The World Health Organization on Thursday recommended not using the antiviral remdesivir, a drug that has generated great interest in the treatment of Covid-19.
A panel of experts “concluded that remdesivir did not have a significant impact on mortality or other important outcomes for patients, such as: B. the need for mechanical ventilation or the time to clinical improvement, “says the W.H.O. announced. The panel published its Review in The BMJ magazine. The report did not completely rule out the drug’s use as a Covid treatment, but there was a lack of evidence to recommend its use.
Gilead Sciences, maker of Remdesivir, the trade name of which is Veklury, said in a statement that its drug “is recognized as the standard for the treatment of hospital patients with Covid-19 in guidelines from numerous credible national organizations, including the US National Institute of Health and Infectious Diseases Society of America, Japan, Great Britain and Germany. “It added that there are” several randomized controlled trials published in peer-reviewed journals that demonstrate the clinical benefits of Veklury. “
The potential benefit of remdesivir has been following for months, and particularly in the last few weeks The Food and Drug Administration approved it as the first treatment for Covid-19 in late October. A large study sponsored by the National Institutes of Health found that the drug reduced recovery time in hospitalized patients from 15 to 11 days. Two other studies considered by the Agency, sponsored by Gilead, did not include placebo controls, which are considered critical for evaluating efficacy.
President Trump was co-administered with remdesivir other treatments last month when he was hospitalized with Covid.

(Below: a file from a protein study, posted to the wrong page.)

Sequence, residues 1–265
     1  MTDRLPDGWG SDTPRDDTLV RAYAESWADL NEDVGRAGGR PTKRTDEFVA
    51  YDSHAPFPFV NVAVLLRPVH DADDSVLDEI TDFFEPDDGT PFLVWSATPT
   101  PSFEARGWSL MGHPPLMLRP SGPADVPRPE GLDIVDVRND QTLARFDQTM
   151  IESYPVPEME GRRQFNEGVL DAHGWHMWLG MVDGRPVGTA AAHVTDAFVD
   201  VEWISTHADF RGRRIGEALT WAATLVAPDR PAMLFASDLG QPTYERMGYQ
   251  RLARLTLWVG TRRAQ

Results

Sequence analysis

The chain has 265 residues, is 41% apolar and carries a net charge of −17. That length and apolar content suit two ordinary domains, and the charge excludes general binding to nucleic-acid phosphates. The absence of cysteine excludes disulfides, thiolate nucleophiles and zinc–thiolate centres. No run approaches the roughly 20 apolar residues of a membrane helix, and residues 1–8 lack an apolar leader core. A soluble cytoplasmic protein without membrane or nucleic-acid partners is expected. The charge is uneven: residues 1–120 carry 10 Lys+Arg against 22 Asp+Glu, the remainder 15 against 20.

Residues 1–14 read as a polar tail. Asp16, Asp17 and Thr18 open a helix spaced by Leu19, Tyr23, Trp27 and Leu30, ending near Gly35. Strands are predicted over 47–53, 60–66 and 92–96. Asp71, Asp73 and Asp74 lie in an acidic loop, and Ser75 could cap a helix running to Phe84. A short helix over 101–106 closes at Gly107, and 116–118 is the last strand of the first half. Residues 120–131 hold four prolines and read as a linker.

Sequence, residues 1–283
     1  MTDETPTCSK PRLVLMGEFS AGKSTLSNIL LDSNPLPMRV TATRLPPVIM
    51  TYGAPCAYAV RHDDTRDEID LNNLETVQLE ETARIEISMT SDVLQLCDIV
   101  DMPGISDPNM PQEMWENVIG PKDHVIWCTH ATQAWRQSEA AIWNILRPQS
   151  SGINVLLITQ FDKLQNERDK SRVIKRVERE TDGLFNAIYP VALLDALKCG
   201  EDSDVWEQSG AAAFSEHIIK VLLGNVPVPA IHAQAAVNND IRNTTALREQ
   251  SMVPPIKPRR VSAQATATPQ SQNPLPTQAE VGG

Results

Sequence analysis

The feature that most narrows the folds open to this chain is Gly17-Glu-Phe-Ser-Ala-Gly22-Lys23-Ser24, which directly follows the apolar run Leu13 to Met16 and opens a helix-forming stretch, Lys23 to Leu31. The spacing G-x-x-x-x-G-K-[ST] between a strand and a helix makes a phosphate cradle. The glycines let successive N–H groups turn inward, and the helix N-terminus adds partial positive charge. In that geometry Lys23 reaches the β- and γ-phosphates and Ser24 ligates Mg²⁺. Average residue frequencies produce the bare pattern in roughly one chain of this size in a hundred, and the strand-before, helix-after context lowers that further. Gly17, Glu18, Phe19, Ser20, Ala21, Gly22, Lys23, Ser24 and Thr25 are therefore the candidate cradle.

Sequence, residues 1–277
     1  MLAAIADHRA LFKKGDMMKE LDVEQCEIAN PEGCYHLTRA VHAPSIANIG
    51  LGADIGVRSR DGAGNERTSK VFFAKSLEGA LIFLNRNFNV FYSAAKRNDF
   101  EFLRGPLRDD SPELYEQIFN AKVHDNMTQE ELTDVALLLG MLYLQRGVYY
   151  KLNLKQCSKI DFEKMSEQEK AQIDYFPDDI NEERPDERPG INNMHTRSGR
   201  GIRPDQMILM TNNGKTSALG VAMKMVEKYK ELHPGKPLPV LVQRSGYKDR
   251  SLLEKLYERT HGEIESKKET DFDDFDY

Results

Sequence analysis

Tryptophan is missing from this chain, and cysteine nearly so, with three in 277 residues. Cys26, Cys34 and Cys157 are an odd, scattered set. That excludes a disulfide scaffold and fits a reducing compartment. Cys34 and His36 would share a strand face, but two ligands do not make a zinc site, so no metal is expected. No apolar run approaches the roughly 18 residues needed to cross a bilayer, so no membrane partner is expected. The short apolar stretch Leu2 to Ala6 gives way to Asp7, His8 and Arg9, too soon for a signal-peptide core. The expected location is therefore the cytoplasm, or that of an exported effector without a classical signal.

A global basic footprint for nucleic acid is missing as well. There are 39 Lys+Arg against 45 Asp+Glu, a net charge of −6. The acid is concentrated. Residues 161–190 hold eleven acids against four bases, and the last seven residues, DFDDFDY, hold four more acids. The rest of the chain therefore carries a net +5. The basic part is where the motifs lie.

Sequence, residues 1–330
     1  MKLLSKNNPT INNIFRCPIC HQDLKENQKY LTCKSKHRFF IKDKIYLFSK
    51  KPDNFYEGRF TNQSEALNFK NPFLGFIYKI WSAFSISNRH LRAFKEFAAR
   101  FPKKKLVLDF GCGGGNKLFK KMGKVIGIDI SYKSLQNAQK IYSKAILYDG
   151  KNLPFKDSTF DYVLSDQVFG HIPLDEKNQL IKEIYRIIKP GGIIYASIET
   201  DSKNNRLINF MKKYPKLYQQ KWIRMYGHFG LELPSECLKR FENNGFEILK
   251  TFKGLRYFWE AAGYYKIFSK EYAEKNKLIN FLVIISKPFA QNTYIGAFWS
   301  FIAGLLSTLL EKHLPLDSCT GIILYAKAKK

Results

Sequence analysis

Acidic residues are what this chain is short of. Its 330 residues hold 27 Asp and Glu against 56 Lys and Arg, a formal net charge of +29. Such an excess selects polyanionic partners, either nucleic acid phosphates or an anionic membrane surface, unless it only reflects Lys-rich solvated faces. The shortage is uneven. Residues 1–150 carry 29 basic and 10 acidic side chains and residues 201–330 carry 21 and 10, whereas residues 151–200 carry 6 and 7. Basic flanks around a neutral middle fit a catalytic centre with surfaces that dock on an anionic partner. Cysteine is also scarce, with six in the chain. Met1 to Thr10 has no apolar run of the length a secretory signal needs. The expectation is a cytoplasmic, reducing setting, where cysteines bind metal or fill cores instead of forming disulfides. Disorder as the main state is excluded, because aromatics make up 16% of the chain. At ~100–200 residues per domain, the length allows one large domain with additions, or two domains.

Since at least March, when the pandemic spread from China to Europe to the US, drug companies and researchers have been on the fly, and practicing doctors have experimented with any treatment that looks promising, including steroids. In September the W.H.O. Expert panel Highly recommended the use of steroids for patients in critical condition.
For the new analysis, the panel reviewed evidence from four studies, including one from the N.I.H. and another sponsored by the W.H.O. and recently published on a preprint server, including around 5,000 patients, the largest to date. The paper has not been peer-reviewed or published in a scientific journal.
The results of this study challenged some of the benefits previously presented in the N.I.H. Study, “said Dr. Bram Rochwerg, Associate Professor of Medicine at McMaster University in Hamilton, Ontario, and Co-Chair of the W.H.O. Panel.
Dr. Rochwerg said the panel “specifically stated in the document that the trials with remdesivir should continue and that certain populations may benefit from it”. But the drug is expensive and given intravenously, he noted. Use could redirect resources that could be used more effectively, said Dr. Rochwerg.
Remdesivir has been approved for emergency use in the US since the spring. In October, Gilead reported that it had had sales of $ 873 million so far this year.
The drug’s widespread use for Covid symptoms had some experts long before the F.D.A. approval.
“This is a perfectly reasonable decision by the W.H.O.,” wrote Dr. Peter Bach, director of the Center for Health Policy and Outcomes at Memorial Sloan Kettering Cancer Center, in an email. “Remdesivir costs thousands of dollars. The largest randomized study looking at its use in Covid suggests it may not have any benefit. The one positive study was from before we used dexamethasone in serious illness,” added he added to a steroid that is commonly used in hospitals today.
Dexamethasone is a treatment that has been shown to help Covid-19 patients during certain stages of the disease.
The WHO. The expert report, known as the “living guideline,” is an initiative to continually update doctors and patients as new knowledge emerges that changes current medical practice.
“It’s a little worrying that we haven’t found much that works,” said Dr. Rochwerg. “But I hope that ongoing research will identify other drugs that will improve survival and symptoms.”